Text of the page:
She has a further 10 silver and 3 bronze medals, not counting her multiple global medals at the Youth and Junior levels.

She has always had a shy demeanour, but her desire to be the best has never been in question.

Outside of that tremendous run at the Jamaican Championship in 2008, VCB’s last global individual medal is also one that sticks to the memory.

In 2015 she was having a less-than-impressive year by her lofty standards.

She placed fourth in the 100 metres at the IAAF World Championships in Beijing.

In the 200 metres, she squeezed into the final as a fastest loser, almost labouring to 22.47 seconds.

It was only the sixth-fastest going into the championship race but importantly, her fastest time since the London 2012 Olympics.

After that semi-final, it felt as if Veronica had long past her best or anywhere close to it.

One last great run

But she had, what one might describe as one last great run, and on that night in Beijing she produced it.

From lane two, she powered around the bend like the Veronica of old. Her knocked knees, a glorious reminder of her greatest days.

The curve was vintage VCB as she inched clear of favourites Daphne Schippers of the Netherlands and Elaine Thompson, who was at the time Jamaica’s newest female sprinting sensation.

The old Veronica might have taken them to the line and snatched Gold, but not on that night in Beijing.

She could no longer hold her speed through 200 metres but still, it was one of her great runs as she crossed the line third in 21.97 seconds.

It was the first time she had broken 22 seconds since the 2010 season and she hasn’t done it since, more sharp reminders of what a miracle run it was.

It might do an injustice to her amazing legacy to speak much about her injury-plagued years beyond 2015.

In any case, there might be more to come as she hopes to qualify for a sixth Olympics come the rescheduled Games in Tokyo 2021.

But if Veronica never steps foot on a track again, her legacy will be sealed.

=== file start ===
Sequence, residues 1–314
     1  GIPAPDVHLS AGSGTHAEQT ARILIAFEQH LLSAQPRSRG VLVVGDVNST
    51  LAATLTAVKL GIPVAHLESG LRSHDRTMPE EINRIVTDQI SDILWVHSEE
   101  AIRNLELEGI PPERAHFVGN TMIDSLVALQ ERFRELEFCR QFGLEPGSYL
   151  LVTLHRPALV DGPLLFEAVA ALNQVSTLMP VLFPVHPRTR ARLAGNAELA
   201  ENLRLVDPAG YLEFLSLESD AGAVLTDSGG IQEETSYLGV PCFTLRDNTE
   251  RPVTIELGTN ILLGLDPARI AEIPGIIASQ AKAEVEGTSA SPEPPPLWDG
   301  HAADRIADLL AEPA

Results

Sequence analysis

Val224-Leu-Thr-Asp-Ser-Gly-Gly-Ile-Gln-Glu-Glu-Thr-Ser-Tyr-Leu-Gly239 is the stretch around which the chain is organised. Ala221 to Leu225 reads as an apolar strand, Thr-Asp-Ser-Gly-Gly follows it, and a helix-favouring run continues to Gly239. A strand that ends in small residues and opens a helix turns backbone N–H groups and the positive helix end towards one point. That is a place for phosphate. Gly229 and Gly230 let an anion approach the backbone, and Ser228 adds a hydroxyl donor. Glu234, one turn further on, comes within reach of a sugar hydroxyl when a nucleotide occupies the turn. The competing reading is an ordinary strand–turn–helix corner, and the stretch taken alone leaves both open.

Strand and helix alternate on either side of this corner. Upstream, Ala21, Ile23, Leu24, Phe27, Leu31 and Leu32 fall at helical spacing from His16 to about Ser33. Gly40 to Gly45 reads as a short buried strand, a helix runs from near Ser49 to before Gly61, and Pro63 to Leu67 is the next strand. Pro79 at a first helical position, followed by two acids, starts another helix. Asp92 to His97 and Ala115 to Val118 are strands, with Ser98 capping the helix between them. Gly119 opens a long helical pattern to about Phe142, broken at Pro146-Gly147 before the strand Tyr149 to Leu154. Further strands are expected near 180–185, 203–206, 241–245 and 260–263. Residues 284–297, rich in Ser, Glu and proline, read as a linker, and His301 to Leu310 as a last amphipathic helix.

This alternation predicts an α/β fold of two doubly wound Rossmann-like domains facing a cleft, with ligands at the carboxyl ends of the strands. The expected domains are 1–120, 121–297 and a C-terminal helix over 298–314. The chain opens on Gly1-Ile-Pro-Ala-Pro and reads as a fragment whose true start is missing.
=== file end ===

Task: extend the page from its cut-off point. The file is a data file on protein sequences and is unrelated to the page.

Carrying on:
When she defended her Olympic title in 2008, a local TV reporter, Damion Gordon wrote, “Like wine to a party, Veronica Campbell-Brown is synonymous with athletics greatness.”

That, my friend, is how VCB should be remembered and spoken of – because she is now and always will be athletics greatness.

 

Ricardo Chambers has done Commentary on international track and field, cricket and Netball since 2010. He has also done local football commentary. For feedback you can email him at This email address is being protected from spambots. You need JavaScript enabled to view it.

Manchester United are said to be ready to turn their attention to Bayer Leverkusen Jamaica international Leon Bailey, if deals for two main targets, Borussia Dortmund's Jadon Sancho and Aston Villa's Jack Grealish, fail to materialize.

United head coach Ole Gunnar Solskjaer is reported to be keen on adding an attacking midfielder to his ranks ahead of next season, but the uncertainty of the coronavirus market and expense of Grealish and Sancho could make the Jamaican a more attractive prospect.

Bailey has had a stop-start kind of season, halted by injury and other issues, for Leverkusen after an eye-catching introduction to German football two seasons ago.  While the player remains sought after in the market, some believe his price tag now falls in the £40 million range.  This could make the player a more palatable option than Sancho and Grealish who are likely to eclipse the £100 million mark.

Bailey signed for Leverkusen from Belgian side Genk in 2017.  He's made 110 appearances across all competitions for the club, scoring 24 times.  His best campaign came in 2017-18 when he netted nine goals and provided six assists.   

In 19 Bundesliga appearances this season, Bailey has five goals.  The player has, however, lost his regular spot in the starting lineup under coach Peter Bosz.  He has three years remaining on his current contract.

Internationally, Bailey made his senior debut for the Reggae Boyz in 2019 and has been capped six times.

 

 

Veronica Campbell-Brown, one of the all-time greats of female sprinting, has revealed that she forged her talents in the intense furnace of competition that is the ISSA Boys and Girls Championships, arguably the biggest high school track meet on the planet.

Bahamian sprint star Shaunae Miller-Uibo and Jamaica’s Omar McLeod are set to be in action next month at the Weltklasse Zurich’s Inspiration Games exhibition event on July 9.

The cross-continent meeting will involve 30 athletes competing in eight disciplines across seven stadia. Athletes will compete in teams, with a Europe squad going up against teams from the USA and the rest of the world.

In the 150m, Miller-Uibo of Bahamas will race in Miramar, Florida, against USA’s six-time Olympic gold medallist Felix in Walnut, California, and Switzerland’s world bronze medallist Kambundji in Zurich.

Meanwhile, McLeod will take on Andre DeGrasse and Andre Vicaut in a 100-yard dash.